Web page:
Island of the Blue Dolphins by Scott O’Dell is based on the true story of 19th- century Nicoleño Native American Karana’s 18-year lone survival on California’s San Nicolas Island. When most of the men of the island are killed in a battle with Russian and Aleut fishermen, the remaining Nicoleños decide to travel to the mainland of California. Young teenage Karana, the main character who narrates the whole book, boards the ship, but when seeing her little brother has missed the boat, Karana jumps into the stormy waters and swims back to him. Their reunion is short lived, and soon Karana is mourning the death of her brother and facing living on the island by herself.
What I liked. I liked how O’Dell made such a strong female character; she’s so smart and brave. I loved how she had to learn to make weapons and hunt, normally men’s work. O’Dell introduced kids to the idea of gender roles in such a great way. Karana reminded me a lot of the wonderful May B by Caroline Starr Rose.
What was interesting. Rereading this book as an adult was such a different experience than as a child. As a child, I don’t remember being frightened by this book at all; I just remember thinking that Karana and Julie (of the wolves) were so cool and resourceful. But as an adult thinking about this girl, losing her father, jumping over board to save her brother only to have him killed by wild dogs, then taming one of the fratricidal dogs, surviving 18 years worrying about the patricidal hunters returning, only to finally escape and find out your whole village had died on the boat you jumped off of is. . . a horrifyingly bleak story. Of course, I can see how I didn’t think of it that way as a kid; it’s not written to be very depressing or bleak and Karana is really cool and resourceful, and the reader comes to love the dog Ramo quite a bit as well.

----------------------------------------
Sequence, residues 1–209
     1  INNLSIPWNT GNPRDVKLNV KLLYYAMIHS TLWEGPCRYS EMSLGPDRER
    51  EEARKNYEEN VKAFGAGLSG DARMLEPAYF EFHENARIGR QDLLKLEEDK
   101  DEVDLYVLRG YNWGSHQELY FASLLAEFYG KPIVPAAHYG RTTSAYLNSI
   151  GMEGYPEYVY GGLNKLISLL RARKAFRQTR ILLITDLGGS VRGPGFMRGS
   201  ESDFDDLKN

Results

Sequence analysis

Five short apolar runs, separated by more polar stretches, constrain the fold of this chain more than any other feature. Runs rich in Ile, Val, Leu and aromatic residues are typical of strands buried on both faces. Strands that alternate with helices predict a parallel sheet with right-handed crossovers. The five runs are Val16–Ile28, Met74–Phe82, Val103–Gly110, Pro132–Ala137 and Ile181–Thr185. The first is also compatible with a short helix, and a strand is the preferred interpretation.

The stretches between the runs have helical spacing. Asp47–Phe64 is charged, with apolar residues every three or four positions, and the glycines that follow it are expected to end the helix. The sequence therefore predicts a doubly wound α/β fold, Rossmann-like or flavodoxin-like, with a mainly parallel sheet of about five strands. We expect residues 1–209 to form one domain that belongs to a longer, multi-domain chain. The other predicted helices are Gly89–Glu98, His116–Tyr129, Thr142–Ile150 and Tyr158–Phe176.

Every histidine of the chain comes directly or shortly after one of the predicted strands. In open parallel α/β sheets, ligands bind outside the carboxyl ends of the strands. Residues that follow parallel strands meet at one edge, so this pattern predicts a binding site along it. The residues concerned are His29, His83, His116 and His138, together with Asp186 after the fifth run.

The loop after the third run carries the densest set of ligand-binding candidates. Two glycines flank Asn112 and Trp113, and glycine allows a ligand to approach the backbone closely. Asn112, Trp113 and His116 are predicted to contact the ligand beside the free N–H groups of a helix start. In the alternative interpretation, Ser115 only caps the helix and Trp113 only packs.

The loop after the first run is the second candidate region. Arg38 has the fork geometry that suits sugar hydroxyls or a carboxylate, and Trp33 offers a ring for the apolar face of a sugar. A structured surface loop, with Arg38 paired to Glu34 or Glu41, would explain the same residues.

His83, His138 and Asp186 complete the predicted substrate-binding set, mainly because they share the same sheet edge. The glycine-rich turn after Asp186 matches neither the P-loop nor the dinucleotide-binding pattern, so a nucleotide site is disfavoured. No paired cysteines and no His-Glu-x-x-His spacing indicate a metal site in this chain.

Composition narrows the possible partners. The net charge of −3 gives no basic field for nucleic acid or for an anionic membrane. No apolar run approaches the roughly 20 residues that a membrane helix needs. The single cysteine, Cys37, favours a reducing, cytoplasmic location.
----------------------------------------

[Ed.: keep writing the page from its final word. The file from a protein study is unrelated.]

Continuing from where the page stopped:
What were some limitations. I felt like in a lot of ways the story ended too soon. What was Karana’s life like in California? How did she come to the mission? How did she think about her time on the island? I think the ending with its few details about what happened to the rest of her people left me wanting a lot more.
Similarity to other Newbery winners. In many ways, Island of the Blue Dolphins feels like a classic Newbery to me: read a lot in school, strong female lead, authentic depiction of Native American culture, and a survivor story. But really it was somewhat ground breaking on that front. 1941 Newbery Call It Courage is a Polynesian boy survivor story, and Invincible Louisa, Caddie Woodlawn, Roller Skates, Thimble Summer, and Strawberry Girl all had strong and brave female protagonists. And like 1973 Jean Craighead George’s Julie of the Wolves, I’m guessing that I’ll find traces of the spirit of Island of the Blue Dolphins in Newberies that follow it.
What it teaches me as a writer. One thing I keep circling back to in reading these Newberies (I wrote about it first in Carry on Mr. Bowditch) is the importance of the protagonists as a problem-solving guide—noticing important details, thinking through possible problems, and ultimately solving the challenge at hand. It’s what makes some of my favorite books like The Martian, The Swiss Family Robinson, May B, and The No. 1 Ladies’ Detective Agency so great. (It seems to be a hallmark of detective and survivor stories…perhaps that means I’d enjoy the classic Robinson Crusoe and Sherlock Holmes books?)
Have you read Island of the Blue Dolphin? What are your favorite survivor books?
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